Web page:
Male policy wonk decrees on breastfeeding

‘Breastfeeding by UK mothers rises from 76% to 81%‘ is the headline of a report in today’s Guardian.

It is, a Government spokesman tells, “encouraging to see an increase in the number of women who start breastfeeding”… Well, yes, most of us have managed to gasp, in his words, that “Breastfeeding is good for babies and mothers“,  albeit better educated mums are still much more likely than others to continue for any length of time.

So why has the ConDem administration announced that it has withdrawn funding for this year’s National Breastfeeding Awareness Week and for nine regional infant feeding co-ordinators?

The Government spokesman explains that:

The department recognises the importance of breastfeeding, and we continue to support breastfeeding through the healthy child programme, as set out in the public health white paper.

We have made the challenging commitment to an extra 4,200 health visitors by 2015. Health visitors will be able to help support women who want to breastfeed but may find it difficult.

How a plan for health visitors in 2015 is going to support the current, 2011, success in establishing breastfeeding is left to us to ponder.

And how a Man from the Ministry feels able to spout such appalling piffle is, I trust, beyond comprehension of any thinking person.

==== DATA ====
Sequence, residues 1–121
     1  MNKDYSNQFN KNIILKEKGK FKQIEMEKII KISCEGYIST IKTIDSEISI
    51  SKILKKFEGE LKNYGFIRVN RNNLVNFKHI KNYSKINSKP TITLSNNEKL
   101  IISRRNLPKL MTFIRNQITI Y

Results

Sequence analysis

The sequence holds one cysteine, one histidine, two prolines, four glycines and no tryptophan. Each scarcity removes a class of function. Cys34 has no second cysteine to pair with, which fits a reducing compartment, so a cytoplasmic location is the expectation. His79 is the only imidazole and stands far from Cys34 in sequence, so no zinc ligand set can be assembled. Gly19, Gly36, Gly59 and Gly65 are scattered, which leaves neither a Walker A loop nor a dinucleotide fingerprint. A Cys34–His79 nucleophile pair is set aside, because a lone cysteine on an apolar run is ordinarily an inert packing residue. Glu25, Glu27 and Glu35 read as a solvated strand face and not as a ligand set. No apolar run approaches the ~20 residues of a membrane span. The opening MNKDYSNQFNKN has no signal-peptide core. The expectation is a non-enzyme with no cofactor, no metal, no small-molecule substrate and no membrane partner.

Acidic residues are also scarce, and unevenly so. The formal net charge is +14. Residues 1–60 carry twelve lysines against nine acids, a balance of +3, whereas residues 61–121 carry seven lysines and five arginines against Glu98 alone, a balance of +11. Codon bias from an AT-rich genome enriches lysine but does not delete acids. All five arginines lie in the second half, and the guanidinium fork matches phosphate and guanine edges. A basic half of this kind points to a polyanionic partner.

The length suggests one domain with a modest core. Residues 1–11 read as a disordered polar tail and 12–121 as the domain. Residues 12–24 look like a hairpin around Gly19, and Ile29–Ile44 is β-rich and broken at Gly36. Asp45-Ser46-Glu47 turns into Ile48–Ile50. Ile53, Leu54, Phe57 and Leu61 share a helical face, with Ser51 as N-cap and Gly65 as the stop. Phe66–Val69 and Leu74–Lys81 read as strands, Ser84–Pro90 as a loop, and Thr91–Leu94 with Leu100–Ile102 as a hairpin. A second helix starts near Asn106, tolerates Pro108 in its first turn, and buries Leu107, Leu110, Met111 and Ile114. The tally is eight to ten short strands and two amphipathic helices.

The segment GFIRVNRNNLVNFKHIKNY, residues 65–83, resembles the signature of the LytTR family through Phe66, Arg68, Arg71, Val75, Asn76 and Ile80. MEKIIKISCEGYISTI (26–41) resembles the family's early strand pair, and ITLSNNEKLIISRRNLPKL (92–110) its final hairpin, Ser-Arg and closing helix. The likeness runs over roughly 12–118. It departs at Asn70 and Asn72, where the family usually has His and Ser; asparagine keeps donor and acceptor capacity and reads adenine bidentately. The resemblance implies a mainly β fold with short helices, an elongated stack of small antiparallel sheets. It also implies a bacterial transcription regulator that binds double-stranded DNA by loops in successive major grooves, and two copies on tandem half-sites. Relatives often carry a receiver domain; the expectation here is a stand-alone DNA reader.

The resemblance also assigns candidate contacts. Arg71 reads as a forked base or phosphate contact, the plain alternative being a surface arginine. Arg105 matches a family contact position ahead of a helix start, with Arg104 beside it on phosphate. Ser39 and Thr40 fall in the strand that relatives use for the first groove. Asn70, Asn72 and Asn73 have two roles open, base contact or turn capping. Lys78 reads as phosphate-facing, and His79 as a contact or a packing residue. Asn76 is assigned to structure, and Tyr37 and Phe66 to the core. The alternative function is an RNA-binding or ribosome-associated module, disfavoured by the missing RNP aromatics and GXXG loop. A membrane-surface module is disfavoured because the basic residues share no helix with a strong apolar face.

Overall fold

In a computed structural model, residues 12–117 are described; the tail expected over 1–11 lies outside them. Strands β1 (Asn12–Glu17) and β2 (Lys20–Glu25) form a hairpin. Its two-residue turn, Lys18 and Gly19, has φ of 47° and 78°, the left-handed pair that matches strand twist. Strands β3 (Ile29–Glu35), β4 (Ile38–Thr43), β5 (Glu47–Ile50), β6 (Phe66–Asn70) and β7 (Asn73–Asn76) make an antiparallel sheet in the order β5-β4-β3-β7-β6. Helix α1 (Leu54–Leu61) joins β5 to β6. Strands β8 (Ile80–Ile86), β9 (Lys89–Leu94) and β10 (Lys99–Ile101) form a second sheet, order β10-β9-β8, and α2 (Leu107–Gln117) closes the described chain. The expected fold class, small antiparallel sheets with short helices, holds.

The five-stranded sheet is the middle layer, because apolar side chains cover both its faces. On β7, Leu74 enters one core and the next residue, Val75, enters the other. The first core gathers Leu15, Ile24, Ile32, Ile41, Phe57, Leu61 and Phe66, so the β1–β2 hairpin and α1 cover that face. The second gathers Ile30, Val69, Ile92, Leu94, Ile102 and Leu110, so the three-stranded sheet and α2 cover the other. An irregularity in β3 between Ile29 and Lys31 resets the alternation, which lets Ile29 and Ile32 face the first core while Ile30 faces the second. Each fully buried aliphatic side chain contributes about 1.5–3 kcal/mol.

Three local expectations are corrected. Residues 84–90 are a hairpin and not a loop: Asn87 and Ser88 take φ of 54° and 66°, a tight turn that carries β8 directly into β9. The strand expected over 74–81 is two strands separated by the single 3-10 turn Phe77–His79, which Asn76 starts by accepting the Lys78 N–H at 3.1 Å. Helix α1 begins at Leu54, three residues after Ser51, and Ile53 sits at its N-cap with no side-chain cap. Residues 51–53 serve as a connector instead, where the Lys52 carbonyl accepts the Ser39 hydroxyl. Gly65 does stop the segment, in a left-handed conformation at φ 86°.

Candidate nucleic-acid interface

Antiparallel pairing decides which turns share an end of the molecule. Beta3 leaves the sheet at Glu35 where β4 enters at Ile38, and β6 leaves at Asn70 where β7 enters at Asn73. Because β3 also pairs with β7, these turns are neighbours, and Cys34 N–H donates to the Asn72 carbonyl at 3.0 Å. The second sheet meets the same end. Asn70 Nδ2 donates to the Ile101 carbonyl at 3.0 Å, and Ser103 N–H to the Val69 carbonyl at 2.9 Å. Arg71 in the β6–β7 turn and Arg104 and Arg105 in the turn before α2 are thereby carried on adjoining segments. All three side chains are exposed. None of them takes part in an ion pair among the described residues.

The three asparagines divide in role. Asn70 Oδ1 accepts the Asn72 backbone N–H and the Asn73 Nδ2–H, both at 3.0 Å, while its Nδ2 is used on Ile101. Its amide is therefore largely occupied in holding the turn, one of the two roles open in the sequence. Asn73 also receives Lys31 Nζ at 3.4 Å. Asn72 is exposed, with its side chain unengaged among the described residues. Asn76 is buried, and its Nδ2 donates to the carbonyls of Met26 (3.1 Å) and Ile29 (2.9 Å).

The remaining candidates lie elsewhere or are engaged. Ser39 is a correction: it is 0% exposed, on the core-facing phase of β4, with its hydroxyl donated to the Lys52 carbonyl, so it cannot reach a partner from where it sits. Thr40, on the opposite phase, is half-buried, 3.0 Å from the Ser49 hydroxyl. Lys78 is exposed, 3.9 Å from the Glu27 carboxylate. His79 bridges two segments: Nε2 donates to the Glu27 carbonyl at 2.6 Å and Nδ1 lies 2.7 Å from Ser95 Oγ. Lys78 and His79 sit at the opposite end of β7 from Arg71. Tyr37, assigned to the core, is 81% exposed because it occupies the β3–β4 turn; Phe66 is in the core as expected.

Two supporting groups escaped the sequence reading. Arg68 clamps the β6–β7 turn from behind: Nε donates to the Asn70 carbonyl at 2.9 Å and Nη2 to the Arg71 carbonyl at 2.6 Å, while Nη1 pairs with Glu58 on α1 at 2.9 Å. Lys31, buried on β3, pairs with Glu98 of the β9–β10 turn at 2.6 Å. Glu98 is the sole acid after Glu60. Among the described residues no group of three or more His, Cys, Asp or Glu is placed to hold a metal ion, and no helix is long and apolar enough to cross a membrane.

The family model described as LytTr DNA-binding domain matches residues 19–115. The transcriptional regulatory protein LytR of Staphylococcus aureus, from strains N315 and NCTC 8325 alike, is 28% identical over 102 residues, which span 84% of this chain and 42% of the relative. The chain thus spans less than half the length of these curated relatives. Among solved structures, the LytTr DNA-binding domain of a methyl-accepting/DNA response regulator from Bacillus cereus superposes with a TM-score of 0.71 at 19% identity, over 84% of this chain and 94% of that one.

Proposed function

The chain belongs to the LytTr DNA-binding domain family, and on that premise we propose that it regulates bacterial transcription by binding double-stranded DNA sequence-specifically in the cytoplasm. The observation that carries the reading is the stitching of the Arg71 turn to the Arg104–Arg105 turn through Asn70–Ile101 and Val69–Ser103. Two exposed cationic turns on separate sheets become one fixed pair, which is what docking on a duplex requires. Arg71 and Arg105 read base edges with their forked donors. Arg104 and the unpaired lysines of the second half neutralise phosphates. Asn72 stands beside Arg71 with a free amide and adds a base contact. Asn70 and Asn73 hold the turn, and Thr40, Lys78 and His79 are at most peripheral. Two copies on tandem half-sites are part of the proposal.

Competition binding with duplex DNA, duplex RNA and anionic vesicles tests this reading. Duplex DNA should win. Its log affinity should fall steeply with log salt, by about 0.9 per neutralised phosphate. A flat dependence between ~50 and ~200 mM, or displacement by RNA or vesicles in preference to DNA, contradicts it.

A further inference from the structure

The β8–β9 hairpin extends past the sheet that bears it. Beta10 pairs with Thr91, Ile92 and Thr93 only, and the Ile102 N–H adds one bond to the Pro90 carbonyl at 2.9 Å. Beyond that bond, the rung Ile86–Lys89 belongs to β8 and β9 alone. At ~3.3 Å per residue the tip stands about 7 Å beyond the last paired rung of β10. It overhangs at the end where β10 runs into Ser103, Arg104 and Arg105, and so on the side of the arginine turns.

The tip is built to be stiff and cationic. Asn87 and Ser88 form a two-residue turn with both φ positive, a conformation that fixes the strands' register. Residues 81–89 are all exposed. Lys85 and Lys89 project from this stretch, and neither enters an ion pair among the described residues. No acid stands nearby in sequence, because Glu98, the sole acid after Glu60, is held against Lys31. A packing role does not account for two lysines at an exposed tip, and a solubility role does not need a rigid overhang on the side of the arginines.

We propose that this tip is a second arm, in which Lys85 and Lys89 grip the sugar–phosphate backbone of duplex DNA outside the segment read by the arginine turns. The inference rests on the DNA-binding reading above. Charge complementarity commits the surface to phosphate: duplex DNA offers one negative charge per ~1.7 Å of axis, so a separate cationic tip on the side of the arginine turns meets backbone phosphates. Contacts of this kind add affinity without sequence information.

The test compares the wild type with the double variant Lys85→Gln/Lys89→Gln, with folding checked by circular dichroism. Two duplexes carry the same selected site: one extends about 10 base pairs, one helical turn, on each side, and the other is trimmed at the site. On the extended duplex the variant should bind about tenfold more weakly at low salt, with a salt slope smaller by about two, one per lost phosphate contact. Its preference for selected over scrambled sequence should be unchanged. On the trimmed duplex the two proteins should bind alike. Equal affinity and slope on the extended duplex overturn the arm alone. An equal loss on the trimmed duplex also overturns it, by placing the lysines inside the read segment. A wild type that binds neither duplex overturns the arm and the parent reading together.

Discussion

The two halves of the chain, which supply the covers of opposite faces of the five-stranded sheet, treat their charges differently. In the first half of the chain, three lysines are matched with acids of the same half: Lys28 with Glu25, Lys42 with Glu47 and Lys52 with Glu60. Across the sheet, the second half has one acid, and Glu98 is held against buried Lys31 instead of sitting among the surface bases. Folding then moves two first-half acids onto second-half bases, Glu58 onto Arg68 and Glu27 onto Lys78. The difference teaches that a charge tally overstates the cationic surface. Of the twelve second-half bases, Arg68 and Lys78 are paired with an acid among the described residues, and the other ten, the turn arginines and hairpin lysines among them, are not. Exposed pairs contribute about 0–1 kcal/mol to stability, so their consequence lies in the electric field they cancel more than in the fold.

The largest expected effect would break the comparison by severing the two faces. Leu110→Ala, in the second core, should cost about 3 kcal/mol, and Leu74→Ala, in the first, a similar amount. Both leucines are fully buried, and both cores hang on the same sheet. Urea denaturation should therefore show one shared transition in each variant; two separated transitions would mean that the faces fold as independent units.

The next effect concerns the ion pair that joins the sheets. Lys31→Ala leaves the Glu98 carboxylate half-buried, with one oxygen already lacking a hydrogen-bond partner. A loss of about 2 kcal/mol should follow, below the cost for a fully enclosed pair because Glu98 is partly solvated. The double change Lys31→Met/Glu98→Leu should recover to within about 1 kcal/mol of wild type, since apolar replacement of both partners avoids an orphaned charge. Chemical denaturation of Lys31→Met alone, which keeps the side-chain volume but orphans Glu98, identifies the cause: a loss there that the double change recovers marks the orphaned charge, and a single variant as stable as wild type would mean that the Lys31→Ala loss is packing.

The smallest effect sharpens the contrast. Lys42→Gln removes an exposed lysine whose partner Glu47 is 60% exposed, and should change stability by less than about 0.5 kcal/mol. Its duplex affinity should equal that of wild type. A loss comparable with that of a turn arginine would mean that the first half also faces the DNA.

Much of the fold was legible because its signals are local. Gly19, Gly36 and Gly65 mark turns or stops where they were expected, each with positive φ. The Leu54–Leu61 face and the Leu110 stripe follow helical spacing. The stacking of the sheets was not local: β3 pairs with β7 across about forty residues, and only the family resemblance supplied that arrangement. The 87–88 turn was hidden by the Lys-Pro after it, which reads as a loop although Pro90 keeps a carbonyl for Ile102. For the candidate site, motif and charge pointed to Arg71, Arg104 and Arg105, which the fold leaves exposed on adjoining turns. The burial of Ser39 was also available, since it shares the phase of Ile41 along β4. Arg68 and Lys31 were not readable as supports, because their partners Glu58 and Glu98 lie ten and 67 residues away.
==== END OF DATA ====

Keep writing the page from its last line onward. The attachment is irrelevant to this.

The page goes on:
Promoting positive public health messages is a long-term project.

A lot of children will be born between now and 2011; and most of those not to be breastfed are babies whose mothers, often already disadvantaged, currently aren’t getting encouragement and help because there are even at present too few support practitioners.

Here’s another example of the ConDems chosing actively and knowlingly to destroy accrued experience and good work by skilled professionals focusing on a fundamentally important issue – and all for the sake of a few bob and a cheap political hit. 

Sadly, this decree is of a piece with other recent policy shifts against good obstetric services and maternal immunisation programmes, and the pervading paternalism of discussions of parental leave.

I do wonder, would a mum who had breastfed herself feel comfortable pronouncing on this disgraceful policy shift?  I certainly wouldn’t.

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